Zika virus: the IFRC response
National Societies and the International Federation of Red Cross and Red Crescent Societies are cooperating with communities to build awareness about the Zika virus and promote effective prevention techniques to reduce its spread and impact.
The Zika virus outbreak that has spread across 28 countries in the Americas in recent months, has created alarm among the population. The growth of the outbreak has prompted the World Health Organization to activate the public health emergency of international concern. Questions, fears and even rumours have spread as rapidly as the disease.
In response, the International Federation of Red Cross and Red Crescent Societies (IFRC) has mobilized resources to respond effectively to this health emergency, in prevention, vector control, psychosocial support and – above all – awareness and information.
The IFRC has launched an emergency appeal with the goal of raising 2.4 million CHF ($2.4 million US dollars) to reach up to 1 million people. Moreover, some societies have asked the IFRC’s Disaster Relief Emergency Fund (DREF) for additional funds for specific operations in their countries.
What is the Red Cross doing?
Educating, informing, raising awareness and collaborating in activities such as cleaning, fumigation and chemical control of mosquito populations are the main lines of action being developed to address the outbreak. The International Federation is coordinating the development of outreach and awareness materials following the relevant information from recognized authorities such as the World Health Organization.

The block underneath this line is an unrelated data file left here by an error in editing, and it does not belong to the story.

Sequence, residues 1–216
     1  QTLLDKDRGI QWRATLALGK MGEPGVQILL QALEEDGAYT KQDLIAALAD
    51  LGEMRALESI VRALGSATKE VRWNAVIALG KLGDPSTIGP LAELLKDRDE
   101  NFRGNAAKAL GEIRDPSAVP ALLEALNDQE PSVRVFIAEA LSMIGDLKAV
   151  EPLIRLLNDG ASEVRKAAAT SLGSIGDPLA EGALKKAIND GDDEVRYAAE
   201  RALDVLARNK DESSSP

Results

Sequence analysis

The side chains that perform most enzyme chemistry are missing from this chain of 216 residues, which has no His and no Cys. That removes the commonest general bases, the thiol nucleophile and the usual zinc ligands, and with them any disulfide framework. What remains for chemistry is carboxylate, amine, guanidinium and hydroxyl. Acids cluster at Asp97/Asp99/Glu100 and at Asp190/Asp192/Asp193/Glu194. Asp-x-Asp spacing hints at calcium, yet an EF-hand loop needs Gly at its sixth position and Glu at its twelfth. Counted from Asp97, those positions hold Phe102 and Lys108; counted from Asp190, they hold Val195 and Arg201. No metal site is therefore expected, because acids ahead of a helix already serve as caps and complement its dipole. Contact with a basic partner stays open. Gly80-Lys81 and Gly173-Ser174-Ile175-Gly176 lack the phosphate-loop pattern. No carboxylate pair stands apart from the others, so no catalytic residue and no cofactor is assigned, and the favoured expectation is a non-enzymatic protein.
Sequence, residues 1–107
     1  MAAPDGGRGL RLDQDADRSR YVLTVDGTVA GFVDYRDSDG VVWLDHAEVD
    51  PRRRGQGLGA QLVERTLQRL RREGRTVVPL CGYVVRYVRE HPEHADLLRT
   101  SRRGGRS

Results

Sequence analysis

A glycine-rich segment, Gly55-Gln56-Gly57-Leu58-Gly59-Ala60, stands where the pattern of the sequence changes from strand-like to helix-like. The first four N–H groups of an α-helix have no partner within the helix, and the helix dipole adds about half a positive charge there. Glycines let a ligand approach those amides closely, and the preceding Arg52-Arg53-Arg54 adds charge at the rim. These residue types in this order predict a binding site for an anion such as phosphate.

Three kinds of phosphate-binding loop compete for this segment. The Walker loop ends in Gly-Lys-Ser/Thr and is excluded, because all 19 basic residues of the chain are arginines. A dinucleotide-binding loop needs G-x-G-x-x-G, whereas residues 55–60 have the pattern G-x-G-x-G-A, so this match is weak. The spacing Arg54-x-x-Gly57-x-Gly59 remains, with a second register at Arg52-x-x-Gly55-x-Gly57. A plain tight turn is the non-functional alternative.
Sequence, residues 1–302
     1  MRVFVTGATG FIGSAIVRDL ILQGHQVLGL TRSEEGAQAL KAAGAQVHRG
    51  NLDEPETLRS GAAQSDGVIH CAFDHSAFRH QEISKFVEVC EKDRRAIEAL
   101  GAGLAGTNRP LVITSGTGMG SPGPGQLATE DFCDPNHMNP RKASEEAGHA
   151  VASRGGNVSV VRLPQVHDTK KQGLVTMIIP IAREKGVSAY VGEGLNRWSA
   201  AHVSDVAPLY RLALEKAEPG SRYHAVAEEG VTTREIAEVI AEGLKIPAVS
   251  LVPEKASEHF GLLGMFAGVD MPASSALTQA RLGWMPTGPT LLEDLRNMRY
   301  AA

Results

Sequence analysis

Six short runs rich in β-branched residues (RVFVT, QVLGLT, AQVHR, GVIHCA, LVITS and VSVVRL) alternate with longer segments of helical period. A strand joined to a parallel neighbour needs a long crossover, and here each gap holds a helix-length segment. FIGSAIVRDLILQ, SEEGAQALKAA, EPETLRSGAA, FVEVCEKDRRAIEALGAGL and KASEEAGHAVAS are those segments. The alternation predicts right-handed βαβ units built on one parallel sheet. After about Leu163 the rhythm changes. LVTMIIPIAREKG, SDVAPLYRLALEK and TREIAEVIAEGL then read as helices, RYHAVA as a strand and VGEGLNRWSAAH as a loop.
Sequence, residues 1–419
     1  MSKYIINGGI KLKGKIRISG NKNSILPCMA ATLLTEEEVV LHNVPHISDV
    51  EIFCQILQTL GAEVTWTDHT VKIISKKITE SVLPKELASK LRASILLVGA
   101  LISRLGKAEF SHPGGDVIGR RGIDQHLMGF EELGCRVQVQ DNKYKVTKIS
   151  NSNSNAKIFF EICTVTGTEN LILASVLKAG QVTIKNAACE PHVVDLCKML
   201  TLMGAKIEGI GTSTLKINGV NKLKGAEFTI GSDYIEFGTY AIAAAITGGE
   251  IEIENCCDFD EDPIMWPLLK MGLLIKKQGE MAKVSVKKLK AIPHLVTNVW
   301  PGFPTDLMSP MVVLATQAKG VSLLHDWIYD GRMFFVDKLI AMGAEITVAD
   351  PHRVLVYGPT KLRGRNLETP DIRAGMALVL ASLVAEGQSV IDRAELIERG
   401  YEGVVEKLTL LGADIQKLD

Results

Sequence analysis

In addition to recommendations for controlling contact with the Aedes mosquito, efforts are being made to eliminate potential breeding sites for insect larvae. The aim is to turn these actions into habits and prevent future infection.
The role of volunteers is vital. National Societies in countries including Colombia, Venezuela, Guatemala and Honduras have already started training their volunteers and in Argentina and El Salvador, they are conducting door-to-door visits to disseminate information and address concerns and questions that may arise about the virus.
The Red Cross is focusing on specific vulnerable groups because it has a particular impact on communities with the greatest inequality. National Societies direct their action in workplaces or schools where children are already learning how to avoid infection and to clean up their environments with the help of volunteers.
CLEAN UP, COVER UP AND KEEP IT UP!
What you can do to prevent Zika
- One a week, remove, empty, clean and cover containers that hold water, such as tires, buckets, planters, toys, pools, birdbaths, flowerpots and trash containers.
- Eliminate standing water in and around your home.
- Remove rubbish as often as possible.
- If water needs to be stored, make sure the container is fully covered to prevent mosquitoes getting into it.
- If containers cannot be properly drained, fill them with sand and cover.
- Keep skin covered, especially during sunrise and dusk, when mosquitoes are most likely to bite.